b. It is also possible to not change that association (mapping,
     binding) between symbol and cons-cell value, but to change
     the car or cdr of the cons cell itself.  This has the
     indirect effect of changing the value: the thing that is
     the value changes, instead of the variable binding changing.

4. If something changes the car or cdr of the cons cell value
   of a variable, this changes the variable value.  It still points
   to the same cons cell, but the content of that cell is not the
   same as it was.

5. A "destructive" "function" such as `nconc' _might or might not_
   change a cons in one of its arguments.  Typically, the function
   is used for its side effects.  But typically also, the _result_
   returned by the function is the cons that is the main side-effect
   goal.  For `nconc', for example, the return value is the list
   resulting from the append/concatenate operation.  That returned
   list (for `nconc') might or might not share structure with
   one of the arguments.

6. Regardless of whether a given destructive function does in
   fact change a cons in one of its arguments, it does _not_
   fiddle with the mapping between any symbols and any conses.

   IOW, it does not reassign or rebind any variables.  Typically,
   the function _sees no variables_ at all.  It receives only
   cons (or nil) _values_ as its arguments.  It has no way of
   knowing (and it does not care) about some variable that you
   might have assigned or bound to one of the conses that it
   looks at and might modify.  That variable is your affair -
   your responsibility, not the function's.

7. (Again) If you have a variable that has a value that is a cons,
   and if that cons is modified, then the variable still points to
   it, i.e., it points to the updated value.  Modifying that cons
   has the indirect side effect of modifying the variable value.

8. If you have a variable that has a value that is a cons, and if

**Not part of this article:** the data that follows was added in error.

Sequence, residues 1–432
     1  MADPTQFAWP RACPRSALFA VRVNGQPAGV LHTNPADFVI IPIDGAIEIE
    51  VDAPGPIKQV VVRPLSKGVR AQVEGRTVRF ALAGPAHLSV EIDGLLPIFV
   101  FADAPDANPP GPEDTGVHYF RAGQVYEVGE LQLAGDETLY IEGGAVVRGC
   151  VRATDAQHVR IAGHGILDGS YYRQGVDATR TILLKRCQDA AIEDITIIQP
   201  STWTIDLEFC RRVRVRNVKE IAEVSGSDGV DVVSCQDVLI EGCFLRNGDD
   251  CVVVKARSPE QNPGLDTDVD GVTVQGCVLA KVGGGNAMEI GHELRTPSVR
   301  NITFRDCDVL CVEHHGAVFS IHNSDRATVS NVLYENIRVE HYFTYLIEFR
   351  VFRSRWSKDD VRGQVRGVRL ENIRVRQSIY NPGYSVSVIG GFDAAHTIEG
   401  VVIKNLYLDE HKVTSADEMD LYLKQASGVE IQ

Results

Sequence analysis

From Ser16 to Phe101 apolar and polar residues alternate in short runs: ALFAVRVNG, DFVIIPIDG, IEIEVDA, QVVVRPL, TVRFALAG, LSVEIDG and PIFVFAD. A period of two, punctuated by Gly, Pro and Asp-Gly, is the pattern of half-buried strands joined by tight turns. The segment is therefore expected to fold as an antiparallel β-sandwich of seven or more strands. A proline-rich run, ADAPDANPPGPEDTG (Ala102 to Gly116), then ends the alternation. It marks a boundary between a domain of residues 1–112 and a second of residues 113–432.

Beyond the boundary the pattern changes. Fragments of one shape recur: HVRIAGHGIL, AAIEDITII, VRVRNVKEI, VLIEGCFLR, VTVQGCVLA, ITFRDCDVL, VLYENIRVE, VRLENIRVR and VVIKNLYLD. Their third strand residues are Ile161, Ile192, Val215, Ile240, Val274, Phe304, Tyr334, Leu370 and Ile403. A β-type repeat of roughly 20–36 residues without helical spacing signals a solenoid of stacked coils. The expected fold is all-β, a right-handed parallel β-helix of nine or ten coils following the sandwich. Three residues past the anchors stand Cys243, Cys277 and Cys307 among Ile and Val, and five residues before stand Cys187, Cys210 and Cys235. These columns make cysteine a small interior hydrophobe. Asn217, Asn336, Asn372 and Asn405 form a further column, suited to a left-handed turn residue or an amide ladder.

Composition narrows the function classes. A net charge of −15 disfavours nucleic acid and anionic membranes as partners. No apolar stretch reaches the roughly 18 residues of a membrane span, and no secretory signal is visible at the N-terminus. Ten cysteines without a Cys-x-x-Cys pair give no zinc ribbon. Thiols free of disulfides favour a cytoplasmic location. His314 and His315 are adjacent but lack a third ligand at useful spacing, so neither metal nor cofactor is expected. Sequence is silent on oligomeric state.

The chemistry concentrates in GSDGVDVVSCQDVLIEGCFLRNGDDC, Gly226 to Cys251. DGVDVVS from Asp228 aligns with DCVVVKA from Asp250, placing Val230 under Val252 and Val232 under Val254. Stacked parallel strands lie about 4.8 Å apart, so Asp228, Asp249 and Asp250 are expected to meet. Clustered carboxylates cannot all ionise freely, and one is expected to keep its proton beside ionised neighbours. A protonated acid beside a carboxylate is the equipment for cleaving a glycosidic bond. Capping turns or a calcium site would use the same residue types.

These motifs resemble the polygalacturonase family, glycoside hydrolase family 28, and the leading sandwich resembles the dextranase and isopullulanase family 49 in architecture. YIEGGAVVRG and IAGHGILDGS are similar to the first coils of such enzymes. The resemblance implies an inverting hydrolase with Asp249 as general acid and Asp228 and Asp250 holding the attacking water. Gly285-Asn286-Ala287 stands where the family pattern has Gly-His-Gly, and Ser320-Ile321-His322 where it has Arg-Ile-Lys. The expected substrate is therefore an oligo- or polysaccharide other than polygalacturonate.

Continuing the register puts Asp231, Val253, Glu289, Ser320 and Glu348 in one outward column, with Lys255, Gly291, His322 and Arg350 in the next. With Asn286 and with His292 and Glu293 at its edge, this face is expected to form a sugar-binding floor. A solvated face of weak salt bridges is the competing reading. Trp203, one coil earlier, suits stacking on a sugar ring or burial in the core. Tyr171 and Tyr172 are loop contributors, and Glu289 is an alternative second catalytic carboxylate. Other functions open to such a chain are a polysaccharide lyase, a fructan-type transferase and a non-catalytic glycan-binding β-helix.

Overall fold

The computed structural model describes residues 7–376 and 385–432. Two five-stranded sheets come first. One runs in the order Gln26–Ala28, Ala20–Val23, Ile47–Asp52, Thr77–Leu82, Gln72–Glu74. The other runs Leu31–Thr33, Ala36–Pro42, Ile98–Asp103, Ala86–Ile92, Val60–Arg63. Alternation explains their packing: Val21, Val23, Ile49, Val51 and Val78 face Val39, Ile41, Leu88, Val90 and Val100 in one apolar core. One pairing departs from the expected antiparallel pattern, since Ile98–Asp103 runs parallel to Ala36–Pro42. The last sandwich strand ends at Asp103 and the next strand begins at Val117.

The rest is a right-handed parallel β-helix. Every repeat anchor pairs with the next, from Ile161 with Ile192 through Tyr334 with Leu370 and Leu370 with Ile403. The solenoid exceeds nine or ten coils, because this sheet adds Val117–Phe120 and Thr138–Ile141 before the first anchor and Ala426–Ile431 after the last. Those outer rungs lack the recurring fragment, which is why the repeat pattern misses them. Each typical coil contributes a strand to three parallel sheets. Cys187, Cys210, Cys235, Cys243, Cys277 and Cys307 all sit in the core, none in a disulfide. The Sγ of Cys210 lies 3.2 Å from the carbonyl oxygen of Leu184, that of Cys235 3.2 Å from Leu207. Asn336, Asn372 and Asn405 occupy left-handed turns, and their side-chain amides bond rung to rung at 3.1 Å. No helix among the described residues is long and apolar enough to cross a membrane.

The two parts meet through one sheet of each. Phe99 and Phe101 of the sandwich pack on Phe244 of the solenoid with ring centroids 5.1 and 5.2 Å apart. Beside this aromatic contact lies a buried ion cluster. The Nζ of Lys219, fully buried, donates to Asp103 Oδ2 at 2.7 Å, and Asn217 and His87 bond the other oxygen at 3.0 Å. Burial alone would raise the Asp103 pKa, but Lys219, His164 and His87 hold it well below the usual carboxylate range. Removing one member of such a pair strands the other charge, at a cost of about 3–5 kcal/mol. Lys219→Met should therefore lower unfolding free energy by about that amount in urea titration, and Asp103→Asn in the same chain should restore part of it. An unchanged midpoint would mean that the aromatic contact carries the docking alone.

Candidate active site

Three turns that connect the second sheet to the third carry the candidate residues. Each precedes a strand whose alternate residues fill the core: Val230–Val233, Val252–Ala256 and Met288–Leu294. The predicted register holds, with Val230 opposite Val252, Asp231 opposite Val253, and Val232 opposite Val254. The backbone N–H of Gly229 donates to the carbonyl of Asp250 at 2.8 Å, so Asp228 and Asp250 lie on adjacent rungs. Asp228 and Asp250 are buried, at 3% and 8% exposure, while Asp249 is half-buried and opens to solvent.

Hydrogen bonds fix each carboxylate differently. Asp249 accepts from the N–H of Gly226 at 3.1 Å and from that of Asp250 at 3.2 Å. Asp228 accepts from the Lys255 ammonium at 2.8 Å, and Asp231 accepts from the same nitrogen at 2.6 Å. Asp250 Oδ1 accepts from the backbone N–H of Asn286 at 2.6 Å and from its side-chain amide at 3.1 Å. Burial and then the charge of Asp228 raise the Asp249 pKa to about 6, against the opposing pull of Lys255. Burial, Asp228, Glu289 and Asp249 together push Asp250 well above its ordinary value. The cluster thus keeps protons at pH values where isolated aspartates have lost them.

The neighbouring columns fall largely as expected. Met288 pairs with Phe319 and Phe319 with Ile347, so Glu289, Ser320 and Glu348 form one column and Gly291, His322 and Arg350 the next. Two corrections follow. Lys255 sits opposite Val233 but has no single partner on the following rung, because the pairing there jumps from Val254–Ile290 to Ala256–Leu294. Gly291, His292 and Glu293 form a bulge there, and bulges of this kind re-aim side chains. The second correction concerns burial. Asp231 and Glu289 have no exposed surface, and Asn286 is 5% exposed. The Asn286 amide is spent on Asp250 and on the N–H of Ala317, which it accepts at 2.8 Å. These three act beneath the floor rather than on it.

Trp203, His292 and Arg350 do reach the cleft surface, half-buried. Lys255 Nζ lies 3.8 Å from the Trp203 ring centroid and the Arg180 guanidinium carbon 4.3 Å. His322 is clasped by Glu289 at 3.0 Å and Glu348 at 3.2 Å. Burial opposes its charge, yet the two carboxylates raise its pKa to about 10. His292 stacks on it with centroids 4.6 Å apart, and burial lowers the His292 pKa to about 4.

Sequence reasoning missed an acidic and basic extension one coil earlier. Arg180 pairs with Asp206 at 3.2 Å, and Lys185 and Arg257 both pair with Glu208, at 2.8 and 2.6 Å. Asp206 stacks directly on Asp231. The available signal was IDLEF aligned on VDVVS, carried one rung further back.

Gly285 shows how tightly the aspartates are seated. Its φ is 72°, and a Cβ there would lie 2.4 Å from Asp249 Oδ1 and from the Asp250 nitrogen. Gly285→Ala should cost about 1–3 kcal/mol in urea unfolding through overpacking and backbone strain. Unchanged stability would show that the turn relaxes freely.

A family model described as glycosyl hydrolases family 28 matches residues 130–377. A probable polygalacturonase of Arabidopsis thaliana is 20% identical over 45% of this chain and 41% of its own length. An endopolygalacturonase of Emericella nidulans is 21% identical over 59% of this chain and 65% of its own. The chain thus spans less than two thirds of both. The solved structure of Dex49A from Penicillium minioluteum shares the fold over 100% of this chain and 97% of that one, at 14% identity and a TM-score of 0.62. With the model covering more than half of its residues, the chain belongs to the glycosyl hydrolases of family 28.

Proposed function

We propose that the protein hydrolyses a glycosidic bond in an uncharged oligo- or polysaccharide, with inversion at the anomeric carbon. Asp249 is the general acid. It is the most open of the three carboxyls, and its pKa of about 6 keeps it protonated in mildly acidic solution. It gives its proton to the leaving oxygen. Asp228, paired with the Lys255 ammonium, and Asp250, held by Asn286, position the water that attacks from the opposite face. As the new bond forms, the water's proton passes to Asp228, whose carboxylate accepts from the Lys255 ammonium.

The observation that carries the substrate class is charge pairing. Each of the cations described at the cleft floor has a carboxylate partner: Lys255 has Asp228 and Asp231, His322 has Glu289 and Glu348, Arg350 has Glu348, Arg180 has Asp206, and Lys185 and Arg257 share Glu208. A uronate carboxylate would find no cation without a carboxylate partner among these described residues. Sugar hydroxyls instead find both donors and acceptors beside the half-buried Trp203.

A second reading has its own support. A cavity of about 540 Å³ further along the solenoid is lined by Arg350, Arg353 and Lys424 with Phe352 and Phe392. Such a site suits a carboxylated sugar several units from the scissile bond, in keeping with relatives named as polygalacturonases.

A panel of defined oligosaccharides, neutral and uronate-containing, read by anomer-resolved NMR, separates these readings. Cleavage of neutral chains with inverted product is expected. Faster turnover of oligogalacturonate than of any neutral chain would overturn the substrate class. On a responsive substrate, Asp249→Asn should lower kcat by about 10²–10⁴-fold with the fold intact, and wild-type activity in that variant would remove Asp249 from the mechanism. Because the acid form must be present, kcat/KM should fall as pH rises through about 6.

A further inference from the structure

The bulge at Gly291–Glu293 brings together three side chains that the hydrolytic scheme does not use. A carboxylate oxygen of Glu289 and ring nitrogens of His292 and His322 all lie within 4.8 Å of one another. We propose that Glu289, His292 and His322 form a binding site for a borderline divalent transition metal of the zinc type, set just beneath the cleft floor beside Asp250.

you call a function that does _not_ modify that cons (i.e., no
   modification of any part of it - e.g., any part of a cons chain
   reached from its car or its cdr), then the variable value is
   _not_ changed.

9. #8 includes the case where you call a "destructive" function
   that might change something else (e.g. another cons cell, not
   reached from the cons pointed to by the variable).  The variable
   value is _not_ changed.

10. #9 is relevant even if the function _returns_ a different cons,
   which represents the intended _result_ of the operation.  The
   variable does _not_ point to this other cons.  If the cons
   pointed to by the variable is not, itself, changed, then the
   variable value is not changed (by the operation).  The variable
   still points to the same cons - nothing about the function
   changes what the variable points to.

11. So yes, if the _result_ returned by the operation is what
   you want the variable value to be (and it typically is), then
   it is up to you to reassign the variable value to it.  IOW,
   use `setq' to update the variable to have the new value.

HTH.  Others will no doubt state all or most of this more
briefly, e.g. using some simple code examples to make it clear.
The description above is intentionally somewhat repetitive.
If it helps, fine.  If not, sorry.